The salvation of Matthew has two lessons for us. First, no unbeliever is beyond redemption. Matthew was essentially a hard-hearted criminal. He would be considered a Mafia member today, extorting money from his own people. But he was not beyond the reach of the gospel of Christ. Don’t take that person off your prayer list—no unbeliever is beyond redemption.

Second, no believer is beyond responsibility. It is our responsibility to invite lost friends to meet Jesus. Here is Matthew with a houseful of curious unbelievers. Shouldn’t he go through evangelism training first? Does he know all the answers? No, he just knows that Jesus saved him. And that is a great place to start.

The next event chronologically in the ministry of Jesus, which is how we are studying the Gospels on our Wisdom Journey through the Bible is found in Mark chapter 2. Here Jesus is about to demonstrate His authority over religious traditions. Some people ask Jesus, “Why do John [the Baptist’s] disciples and the disciples of the Pharisees fast, but your disciples do not fast?” (verse 18).

According to the Mosaic law, fasting was required only one day a year, on the Day of Atonement. Voluntary fasts could be practiced, as people focused on prayer, but by Jesus’ time the Pharisees were fasting twice a week.[4]

Jesus answers the question in verse 19: “Can the wedding guests fast while the bridegroom is with them? As long as they have the bridegroom with them, they cannot fast.” In other words, Jesus says, “Look, I am the Bridegroom. As long as I am here, we are celebrating, not fasting.”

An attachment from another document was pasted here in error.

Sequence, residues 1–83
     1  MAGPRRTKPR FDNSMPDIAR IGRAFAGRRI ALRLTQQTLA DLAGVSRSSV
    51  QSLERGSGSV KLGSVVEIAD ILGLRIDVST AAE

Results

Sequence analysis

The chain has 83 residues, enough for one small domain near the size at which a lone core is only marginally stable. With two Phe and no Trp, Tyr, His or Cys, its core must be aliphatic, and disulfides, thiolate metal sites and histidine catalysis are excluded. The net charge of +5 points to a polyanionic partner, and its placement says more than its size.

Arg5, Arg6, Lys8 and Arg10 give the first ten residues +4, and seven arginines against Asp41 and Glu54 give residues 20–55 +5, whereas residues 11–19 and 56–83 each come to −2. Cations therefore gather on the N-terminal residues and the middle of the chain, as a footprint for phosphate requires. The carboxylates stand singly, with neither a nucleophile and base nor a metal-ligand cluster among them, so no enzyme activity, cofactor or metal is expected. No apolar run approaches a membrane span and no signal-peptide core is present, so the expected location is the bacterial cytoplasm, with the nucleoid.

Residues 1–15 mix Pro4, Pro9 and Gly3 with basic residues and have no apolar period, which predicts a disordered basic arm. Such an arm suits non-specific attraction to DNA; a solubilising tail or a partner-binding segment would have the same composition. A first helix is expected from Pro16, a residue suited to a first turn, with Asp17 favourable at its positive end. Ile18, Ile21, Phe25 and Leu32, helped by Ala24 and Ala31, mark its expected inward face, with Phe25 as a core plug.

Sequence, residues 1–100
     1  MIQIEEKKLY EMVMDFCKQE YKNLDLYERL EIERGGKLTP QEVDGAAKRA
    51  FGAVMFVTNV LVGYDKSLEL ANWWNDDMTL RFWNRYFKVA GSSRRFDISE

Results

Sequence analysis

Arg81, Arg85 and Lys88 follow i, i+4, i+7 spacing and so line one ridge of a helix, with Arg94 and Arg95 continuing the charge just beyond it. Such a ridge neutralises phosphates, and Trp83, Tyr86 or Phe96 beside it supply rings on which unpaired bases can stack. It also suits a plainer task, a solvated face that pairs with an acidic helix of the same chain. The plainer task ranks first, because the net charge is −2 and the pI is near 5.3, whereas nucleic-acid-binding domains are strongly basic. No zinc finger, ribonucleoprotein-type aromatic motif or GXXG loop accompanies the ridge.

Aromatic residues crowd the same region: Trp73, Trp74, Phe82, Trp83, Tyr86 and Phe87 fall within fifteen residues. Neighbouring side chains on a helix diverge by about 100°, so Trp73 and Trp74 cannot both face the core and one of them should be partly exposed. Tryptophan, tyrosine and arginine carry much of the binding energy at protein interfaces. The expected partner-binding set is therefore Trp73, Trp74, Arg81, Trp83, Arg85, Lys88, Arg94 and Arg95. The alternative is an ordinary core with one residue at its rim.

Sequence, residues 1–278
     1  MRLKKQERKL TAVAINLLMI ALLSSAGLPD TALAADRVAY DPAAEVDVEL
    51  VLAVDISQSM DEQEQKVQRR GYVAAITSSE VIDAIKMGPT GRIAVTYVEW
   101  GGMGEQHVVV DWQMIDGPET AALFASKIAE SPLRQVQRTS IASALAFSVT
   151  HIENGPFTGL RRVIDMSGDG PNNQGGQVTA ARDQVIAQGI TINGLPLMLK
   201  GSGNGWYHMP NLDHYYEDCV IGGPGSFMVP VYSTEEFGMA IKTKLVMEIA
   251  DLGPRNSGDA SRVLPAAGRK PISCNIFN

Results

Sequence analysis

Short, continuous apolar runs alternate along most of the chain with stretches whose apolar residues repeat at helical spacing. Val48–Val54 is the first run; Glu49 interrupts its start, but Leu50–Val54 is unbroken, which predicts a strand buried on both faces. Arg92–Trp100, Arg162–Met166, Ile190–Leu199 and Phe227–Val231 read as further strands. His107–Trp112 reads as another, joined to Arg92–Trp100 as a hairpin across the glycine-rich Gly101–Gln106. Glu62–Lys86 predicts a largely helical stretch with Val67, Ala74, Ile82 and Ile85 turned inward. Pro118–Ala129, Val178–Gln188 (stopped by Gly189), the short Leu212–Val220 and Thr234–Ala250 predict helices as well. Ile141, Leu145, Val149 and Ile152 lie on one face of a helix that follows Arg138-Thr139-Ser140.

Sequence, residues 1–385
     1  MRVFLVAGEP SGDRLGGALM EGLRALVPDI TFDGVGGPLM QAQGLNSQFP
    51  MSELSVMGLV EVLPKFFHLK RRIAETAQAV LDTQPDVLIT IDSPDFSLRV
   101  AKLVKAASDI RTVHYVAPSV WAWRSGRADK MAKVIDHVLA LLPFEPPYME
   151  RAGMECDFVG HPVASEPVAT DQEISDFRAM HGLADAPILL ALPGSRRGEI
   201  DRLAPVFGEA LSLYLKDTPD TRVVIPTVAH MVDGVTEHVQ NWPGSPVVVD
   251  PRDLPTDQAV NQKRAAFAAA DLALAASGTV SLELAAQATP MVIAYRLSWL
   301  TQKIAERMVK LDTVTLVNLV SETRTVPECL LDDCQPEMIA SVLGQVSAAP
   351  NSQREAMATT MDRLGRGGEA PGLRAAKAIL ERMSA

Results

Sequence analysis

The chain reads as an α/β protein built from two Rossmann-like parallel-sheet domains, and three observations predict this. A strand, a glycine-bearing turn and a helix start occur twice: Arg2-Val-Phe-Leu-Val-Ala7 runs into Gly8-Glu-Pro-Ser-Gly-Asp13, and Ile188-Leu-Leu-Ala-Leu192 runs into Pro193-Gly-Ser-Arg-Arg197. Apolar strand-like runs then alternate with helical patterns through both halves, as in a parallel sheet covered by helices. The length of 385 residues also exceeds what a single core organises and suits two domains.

Jesus clarifies His point with an illustration in verse 21:

“No one sews a piece of unshrunk cloth on an old garment. If he does, the patch tears away from it, the new from the old, and a worse tear is made.”

Any attempt to sew something new onto something old is going to create a tear once the new material shrinks. So here is His point: Trying to attach the gospel to the old cloth of religious tradition is not going to work.[5]

Jesus illustrates the same principle in verse 22, saying you do not put new wine in old wineskins because the new wine will expand when fermented and tear holes in the old wineskin.

Jesus is bringing the gospel of grace that cannot be mixed with old manmade religious regulations. Jesus did not come to dress up human traditions.

Beloved, Jesus introduced a new dispensation of grace. We do not come to God through sacrifices and ceremonies; we now come to God by faith alone in the finished work of Christ alone.

[2] Ibid.

[3] J. Dwight Pentecost, The Words and Works of Jesus Christ (Zondervan, 1981), 155.

[4] John D. Grassmick, “Mark” in The Bible Knowledge Commentary, New Testament (Victor Books, 1983), 114.

[5] Ibid.